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"The Librarian of Auschwitz" made me nauseous. I had to put the book down to stay sane at times. It made my skin crawl, my brain buzz, my very soul cringe. It did exactly what a book set in Auschwitz should do. Antonio Iturbe's book, previously published in Spain, came out in the US on October 10. There are some awkwardly-phrased pieces of dialogue because of the translation, but that didn't bother me much. At times, the fact that it's a translation helped -- it made me imagine the book was actually translated straight from German. That it's a diary rather than historical fiction. Iturbe's writing, even when translated from Spanish, is incredibly gripping. There are some advanced...

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First and foremost, many thanks go to NetGalley and the Macmillan Children's Publishing Group for the chance to read this amazing ARC. The Librarian of Auschwitz recounts the real-life experiences of fourteen-year-old Dita Adlerova (now Dita Kraus) while she was imprisoned at the Auschwitz-Birkenau prison during World War II. During that time, she met Fredy Hirsh, a fellow Jew who was given the role of looking over the children in their camp at Auschwitz. And while he was told that he could not teach the children, Fredy chose not to abide by these rules. Upon meeting Dita in the camp, Fredy grew to trust her and asked that she take responsibility for the eight books that the prisoners of...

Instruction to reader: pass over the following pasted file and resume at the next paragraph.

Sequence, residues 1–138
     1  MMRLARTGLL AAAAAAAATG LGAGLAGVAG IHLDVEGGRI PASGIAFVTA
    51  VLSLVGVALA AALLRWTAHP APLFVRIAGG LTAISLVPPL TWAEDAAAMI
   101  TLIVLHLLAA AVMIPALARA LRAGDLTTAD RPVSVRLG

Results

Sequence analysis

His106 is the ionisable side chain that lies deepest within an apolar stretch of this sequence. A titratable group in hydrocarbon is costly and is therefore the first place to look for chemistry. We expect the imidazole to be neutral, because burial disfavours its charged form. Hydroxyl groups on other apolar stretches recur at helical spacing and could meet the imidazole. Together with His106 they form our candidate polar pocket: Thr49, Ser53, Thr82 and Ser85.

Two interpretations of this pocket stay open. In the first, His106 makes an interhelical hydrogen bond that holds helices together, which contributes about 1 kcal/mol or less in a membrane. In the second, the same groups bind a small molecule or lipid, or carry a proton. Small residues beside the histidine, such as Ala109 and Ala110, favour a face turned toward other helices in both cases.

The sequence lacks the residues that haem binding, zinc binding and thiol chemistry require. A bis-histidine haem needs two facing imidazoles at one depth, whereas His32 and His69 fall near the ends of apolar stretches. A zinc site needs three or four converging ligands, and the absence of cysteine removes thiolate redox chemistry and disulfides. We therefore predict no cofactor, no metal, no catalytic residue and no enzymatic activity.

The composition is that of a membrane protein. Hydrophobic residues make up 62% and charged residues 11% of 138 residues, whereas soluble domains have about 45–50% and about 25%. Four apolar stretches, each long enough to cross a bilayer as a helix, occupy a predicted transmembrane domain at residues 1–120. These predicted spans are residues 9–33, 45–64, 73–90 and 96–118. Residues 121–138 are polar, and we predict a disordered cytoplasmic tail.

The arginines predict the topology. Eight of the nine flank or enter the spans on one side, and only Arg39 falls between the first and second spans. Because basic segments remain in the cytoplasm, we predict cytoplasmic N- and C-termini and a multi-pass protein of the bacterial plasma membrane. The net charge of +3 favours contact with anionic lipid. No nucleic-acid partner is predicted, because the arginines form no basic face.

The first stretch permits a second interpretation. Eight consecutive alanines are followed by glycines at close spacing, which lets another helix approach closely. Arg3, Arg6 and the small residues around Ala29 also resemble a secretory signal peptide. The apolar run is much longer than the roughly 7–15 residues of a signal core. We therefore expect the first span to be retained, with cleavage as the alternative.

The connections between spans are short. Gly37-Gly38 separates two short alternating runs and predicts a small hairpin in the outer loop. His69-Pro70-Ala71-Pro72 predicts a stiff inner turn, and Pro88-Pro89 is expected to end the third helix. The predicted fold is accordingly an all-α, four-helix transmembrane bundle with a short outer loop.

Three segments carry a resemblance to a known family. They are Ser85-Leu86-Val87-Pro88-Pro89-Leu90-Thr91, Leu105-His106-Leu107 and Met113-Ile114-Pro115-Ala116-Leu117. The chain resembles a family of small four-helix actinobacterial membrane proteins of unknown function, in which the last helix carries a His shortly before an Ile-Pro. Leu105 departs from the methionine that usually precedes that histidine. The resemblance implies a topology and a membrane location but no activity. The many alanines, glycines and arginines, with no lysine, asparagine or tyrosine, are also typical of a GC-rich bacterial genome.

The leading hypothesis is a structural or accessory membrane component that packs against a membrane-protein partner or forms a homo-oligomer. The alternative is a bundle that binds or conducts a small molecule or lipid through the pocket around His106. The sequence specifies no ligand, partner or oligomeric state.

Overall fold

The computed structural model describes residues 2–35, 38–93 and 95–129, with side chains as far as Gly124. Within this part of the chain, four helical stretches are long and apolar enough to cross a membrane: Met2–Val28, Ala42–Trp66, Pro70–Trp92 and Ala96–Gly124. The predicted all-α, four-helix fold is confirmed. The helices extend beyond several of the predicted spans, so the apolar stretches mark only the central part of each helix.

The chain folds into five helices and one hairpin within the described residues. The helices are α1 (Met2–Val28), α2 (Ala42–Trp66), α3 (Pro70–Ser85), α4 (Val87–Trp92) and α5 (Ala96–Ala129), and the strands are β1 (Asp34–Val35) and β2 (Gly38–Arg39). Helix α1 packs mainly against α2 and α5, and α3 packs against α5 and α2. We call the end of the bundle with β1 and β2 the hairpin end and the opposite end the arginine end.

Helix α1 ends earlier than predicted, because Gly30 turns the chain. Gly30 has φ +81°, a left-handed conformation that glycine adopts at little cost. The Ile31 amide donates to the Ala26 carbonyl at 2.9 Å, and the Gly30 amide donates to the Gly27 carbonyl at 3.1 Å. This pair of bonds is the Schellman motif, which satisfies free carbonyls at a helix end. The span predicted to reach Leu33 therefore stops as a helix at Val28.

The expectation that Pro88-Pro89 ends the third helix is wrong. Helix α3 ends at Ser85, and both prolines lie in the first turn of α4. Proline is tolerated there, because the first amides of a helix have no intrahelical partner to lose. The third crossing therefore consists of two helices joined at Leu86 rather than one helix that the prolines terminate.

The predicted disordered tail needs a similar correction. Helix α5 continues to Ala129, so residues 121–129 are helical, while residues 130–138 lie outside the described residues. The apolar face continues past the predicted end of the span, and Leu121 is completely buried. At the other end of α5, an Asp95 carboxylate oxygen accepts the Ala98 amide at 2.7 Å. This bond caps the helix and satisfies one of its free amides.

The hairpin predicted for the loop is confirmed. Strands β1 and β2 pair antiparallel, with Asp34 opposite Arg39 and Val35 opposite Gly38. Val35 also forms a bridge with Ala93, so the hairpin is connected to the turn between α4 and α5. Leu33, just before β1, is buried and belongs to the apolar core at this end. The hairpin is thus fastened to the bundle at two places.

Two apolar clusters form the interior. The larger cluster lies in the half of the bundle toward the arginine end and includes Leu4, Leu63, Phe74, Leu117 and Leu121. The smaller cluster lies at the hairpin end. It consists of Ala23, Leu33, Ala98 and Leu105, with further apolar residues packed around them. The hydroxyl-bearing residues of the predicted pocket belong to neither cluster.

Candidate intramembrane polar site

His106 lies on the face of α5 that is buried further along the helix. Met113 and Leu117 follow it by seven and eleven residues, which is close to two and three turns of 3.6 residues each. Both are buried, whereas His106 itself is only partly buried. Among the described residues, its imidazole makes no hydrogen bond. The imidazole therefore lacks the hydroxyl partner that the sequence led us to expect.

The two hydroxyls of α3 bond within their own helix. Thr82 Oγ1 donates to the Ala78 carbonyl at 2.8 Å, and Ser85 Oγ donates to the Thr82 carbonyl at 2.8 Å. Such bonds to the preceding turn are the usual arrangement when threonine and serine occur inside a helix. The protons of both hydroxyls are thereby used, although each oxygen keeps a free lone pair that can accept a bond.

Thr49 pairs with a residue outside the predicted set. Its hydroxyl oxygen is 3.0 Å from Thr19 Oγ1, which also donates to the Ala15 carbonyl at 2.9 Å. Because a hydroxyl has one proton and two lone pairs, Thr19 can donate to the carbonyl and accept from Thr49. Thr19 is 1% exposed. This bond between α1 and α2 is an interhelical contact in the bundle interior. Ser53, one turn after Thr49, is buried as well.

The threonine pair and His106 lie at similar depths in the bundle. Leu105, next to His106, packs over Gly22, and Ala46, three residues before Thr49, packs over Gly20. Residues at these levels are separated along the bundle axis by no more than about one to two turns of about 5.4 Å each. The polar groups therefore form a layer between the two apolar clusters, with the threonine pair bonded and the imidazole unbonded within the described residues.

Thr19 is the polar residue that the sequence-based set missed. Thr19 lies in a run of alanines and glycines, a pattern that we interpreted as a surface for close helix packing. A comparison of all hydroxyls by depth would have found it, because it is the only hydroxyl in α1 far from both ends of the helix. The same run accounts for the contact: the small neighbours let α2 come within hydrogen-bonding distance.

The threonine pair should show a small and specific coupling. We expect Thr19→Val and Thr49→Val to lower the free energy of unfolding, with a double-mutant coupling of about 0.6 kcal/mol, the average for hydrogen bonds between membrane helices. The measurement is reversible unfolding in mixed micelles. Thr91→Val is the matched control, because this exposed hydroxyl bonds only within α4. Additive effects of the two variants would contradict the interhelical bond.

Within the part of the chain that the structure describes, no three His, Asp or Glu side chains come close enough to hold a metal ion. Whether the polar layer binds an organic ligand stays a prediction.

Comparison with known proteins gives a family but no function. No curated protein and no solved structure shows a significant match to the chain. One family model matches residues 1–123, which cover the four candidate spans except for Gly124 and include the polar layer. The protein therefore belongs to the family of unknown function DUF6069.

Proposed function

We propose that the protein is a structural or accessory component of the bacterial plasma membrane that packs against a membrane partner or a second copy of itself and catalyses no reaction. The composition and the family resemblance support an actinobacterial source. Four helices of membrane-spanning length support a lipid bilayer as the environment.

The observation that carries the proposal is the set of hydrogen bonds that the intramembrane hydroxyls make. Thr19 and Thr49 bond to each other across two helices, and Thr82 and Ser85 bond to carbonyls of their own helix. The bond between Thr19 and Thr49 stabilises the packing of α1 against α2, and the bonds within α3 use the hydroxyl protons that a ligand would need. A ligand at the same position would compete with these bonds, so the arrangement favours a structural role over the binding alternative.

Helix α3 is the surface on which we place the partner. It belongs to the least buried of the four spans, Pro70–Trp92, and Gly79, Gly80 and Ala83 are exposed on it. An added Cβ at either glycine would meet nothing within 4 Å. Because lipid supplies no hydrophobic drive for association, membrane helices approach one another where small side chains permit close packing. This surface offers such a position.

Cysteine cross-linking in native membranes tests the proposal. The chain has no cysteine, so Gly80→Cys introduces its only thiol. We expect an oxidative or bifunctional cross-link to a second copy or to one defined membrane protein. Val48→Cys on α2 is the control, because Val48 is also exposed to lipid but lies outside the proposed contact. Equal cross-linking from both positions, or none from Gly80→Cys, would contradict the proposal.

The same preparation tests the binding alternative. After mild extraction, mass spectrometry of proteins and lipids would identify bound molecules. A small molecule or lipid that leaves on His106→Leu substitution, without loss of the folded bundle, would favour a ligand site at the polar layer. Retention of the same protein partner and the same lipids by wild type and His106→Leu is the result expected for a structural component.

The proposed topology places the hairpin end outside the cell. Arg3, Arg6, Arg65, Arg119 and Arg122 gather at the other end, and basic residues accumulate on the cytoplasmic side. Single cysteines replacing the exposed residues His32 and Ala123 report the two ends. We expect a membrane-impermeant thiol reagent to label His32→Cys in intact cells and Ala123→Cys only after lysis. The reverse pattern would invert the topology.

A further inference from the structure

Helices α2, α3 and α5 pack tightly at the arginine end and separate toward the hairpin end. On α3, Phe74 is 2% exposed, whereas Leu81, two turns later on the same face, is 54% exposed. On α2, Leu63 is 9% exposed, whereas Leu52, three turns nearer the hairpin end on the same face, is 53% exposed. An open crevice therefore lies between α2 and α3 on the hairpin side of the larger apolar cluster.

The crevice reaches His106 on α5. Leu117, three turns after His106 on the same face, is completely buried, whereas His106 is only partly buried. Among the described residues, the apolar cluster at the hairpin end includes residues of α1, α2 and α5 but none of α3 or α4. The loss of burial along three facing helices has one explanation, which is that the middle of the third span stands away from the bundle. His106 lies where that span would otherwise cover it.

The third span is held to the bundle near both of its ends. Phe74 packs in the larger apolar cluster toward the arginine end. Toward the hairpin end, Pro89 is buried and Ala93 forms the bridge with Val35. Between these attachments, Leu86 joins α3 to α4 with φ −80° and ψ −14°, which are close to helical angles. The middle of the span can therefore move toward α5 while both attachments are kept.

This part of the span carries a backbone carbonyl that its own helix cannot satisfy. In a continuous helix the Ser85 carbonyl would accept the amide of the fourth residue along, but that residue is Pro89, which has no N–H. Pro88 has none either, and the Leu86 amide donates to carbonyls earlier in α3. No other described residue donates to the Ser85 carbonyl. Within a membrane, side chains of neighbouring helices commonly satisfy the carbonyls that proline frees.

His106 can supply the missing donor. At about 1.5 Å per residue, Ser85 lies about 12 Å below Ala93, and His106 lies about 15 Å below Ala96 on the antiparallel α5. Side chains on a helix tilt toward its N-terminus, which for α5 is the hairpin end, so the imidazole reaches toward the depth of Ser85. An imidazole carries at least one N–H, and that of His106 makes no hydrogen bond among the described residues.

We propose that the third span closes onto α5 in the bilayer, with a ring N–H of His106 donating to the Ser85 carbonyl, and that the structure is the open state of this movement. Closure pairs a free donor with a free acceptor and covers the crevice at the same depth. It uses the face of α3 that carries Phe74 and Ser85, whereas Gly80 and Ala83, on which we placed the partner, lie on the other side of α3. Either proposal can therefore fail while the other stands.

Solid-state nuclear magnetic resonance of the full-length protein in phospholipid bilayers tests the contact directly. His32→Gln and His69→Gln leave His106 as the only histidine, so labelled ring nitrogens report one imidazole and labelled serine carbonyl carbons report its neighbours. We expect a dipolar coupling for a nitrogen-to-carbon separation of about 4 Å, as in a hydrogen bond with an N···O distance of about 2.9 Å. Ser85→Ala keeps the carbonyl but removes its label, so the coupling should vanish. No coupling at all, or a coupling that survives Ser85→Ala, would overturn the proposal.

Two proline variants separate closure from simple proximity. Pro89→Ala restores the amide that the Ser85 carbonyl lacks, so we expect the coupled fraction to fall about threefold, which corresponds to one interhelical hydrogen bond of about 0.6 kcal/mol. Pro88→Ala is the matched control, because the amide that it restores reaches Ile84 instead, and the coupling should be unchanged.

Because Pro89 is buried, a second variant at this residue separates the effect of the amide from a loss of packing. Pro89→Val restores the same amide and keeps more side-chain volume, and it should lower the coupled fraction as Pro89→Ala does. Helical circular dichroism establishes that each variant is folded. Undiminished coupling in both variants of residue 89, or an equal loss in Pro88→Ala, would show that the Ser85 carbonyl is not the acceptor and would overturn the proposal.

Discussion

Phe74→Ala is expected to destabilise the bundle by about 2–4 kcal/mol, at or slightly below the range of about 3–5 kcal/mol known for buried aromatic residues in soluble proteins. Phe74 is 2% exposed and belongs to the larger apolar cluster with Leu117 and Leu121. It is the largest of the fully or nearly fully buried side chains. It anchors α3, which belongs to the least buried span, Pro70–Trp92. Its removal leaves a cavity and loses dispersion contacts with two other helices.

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Thank you to Netgalley for allowing me to read an eARC of this book. 📚The Librarian of Auschwitz comes out today (in English at least). The book tells the story of Dita, a 14 year old from Prague and then the Terezin ghetto, who is given the job of Librarian in the family camp at Auschwitz. In a place where books are as dangerous as weapons, protecting them is a dangerous task. 📚But, when everything else is taken, books and stories can give hope. 📚This is a fictional account based on actual events (be sure to read the author's notes), and the real people behind the story made it even more powerful.